Join Malik for an Artist Talk on July 21st!
In virtual spaces, expressions of identity are usually performed through avatars. Malik McKoy’s new body of work asks how these carefully mediated and constructed identities actually relate to the people they represent when they are used to connect or perform moral virtue. As an abstract self-portrait, Code Switch also considers how technologies like virtual reality and artificial intelligence reproduce human biases, and more specifically, how racialized bodies are subject to the harms caused by online escapism and the commodification of identity.
The exhibition features five new paintings and an augmented reality installation created during McKoy’s residency in the RBC Artist Incubator Lab. A central character appears in all six works. His shifting form and surroundings are composed of the disassembled pieces of a 3D human figure; as 2D shapes, they are unrecognizable as the basic figure McKoy built using 3D modelling software. The avatar stands in for the artist, travelling through abstract and fantastical spaces, which relate in some way to McKoy’s own online identity and the collective experience of disorientation that virtual spaces can produce.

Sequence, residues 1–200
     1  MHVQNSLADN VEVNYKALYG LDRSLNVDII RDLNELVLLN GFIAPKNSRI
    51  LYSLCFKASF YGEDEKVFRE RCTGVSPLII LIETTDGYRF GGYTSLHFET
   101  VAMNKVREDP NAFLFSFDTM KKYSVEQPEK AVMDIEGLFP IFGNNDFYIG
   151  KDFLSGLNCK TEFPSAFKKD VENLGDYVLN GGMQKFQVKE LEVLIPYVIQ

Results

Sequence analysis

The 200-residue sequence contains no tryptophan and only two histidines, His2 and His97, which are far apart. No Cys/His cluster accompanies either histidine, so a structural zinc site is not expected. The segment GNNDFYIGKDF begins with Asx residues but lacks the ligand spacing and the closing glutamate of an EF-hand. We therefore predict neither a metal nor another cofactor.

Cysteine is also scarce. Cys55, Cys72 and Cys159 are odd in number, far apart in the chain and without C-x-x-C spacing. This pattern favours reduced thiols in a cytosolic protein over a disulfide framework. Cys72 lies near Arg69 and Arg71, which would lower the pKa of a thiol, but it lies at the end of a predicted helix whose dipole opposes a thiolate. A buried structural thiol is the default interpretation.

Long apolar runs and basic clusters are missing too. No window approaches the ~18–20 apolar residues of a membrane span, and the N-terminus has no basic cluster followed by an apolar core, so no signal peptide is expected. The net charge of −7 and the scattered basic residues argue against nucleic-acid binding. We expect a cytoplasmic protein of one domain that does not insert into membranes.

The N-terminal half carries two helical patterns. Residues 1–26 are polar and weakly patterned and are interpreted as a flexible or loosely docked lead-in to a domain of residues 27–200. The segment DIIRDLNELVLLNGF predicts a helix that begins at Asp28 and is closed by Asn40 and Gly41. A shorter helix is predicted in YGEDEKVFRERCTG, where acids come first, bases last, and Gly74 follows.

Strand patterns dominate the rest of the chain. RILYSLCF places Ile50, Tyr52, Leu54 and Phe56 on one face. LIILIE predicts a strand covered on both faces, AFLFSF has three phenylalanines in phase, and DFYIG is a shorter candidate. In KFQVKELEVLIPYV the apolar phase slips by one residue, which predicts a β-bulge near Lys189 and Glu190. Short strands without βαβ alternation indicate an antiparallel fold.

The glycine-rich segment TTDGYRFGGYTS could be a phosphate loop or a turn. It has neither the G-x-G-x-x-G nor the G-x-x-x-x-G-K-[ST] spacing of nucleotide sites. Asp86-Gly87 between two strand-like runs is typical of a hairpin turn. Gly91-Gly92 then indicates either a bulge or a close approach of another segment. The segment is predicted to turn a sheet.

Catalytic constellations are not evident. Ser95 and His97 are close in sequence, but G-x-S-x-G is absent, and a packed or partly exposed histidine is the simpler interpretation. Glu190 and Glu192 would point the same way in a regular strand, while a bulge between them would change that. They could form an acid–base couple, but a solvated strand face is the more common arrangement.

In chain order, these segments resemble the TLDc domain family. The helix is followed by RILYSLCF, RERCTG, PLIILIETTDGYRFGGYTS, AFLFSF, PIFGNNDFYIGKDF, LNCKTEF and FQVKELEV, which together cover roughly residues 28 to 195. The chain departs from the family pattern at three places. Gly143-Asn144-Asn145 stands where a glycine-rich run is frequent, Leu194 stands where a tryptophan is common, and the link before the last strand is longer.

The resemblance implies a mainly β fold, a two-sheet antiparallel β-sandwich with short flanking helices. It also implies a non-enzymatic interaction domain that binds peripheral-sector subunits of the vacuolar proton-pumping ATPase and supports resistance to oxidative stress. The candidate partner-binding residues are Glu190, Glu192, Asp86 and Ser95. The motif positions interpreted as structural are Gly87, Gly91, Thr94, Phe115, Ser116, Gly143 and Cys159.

The internet offers users the freedom to grow beyond their physical environment and try on new identities – it is also prone to prejudice, exploitation, and misinformation, when truth or identity can appear transparent one moment and opaque the next. McKoy is interested in exploring how Black and queer bodies in particular are fetishized and consumed as cultural currency. For instance, in DBLRM (Do Black Lives Really Matter), he adopts a cynical view of public promises for representation, inclusivity, and justice by highlighting the fragile balance between utopia and horror in virtual fantasies. As playful as it is discerning, Code Switch reflects McKoy’s ongoing effort to bridge his digital and paint-based practices and to grapple with the increasingly blurred line between online and offline selves.
The RBC Emerging Artist Residency Program is generously sponsored by the RBC Foundation and the RBC Emerging Artist Project.